Reference : V-P-CD-E-01758
Date : 10/2012
Caption : North Kivu, general reference hospital Walikale.This doctor has been working since 2006 as surgeon in the only hospital in the region. He was trained in war surgery by the ICRC and work relentlessly to help the sick and wounded.
Photographer : YBARRA ZAVALA, Alvaro
Confidentiality level : public
Publication restrictions : publication without restrictions
Copyright : Getty Images/CICR
Description :
This doctor has been working as surgeon in the general reference hospital in Walikale, the only hospital in the region, since 2006. He was trained in war surgery by the ICRC and worked relentlessly to help the sick and wounded during an armed group's takeover of the town in July this year, despite risks to his own security. Violence against health care is one of the most crucial yet overlooked humanitarian issues of today. In situations of conflict, the people and services that can bring vital assistance or save the lives of those affected, whether the latter are civilians or fighters, are too often not sufficiently spared or respected. In the DRC, attacks against health-care structures, medical evacuation teams or Red Cross volunteers, are unfortunately all too common. Doctors, nurses and patients may be subject to intimidation by armed men, which jeopardises the neutrality of healthcare structures and the impartiality of healthcare provision. The continuing and general insecurity that marks the Kivu provinces also affects everyone's access to appropriate care. It means that many people fear going to a healthcare centre because of the dangers of travelling there, or that healthcare workers find themselves having to flee an area because of renewed fighting or threats to their own lives. Getting essential medicines and equipment to front lines or areas of ongoing fighting can also be a real problem.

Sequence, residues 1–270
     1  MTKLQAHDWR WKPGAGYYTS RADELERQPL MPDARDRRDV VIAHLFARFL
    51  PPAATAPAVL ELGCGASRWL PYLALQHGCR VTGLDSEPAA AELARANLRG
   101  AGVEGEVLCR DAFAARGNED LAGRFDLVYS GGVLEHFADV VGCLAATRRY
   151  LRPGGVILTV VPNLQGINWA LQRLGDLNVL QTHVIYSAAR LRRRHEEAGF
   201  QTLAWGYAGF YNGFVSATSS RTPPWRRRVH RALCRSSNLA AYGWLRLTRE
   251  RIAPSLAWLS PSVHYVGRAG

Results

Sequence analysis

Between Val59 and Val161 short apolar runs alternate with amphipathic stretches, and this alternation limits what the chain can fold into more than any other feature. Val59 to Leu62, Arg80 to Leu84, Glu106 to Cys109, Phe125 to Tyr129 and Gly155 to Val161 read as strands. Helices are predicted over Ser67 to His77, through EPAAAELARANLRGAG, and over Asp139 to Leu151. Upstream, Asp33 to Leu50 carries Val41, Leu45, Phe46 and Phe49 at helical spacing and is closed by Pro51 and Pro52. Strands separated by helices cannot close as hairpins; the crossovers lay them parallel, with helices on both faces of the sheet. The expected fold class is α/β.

Original material : digital
Resolution : 3511x4096
Orientation : portrait
Colour/B&W : colour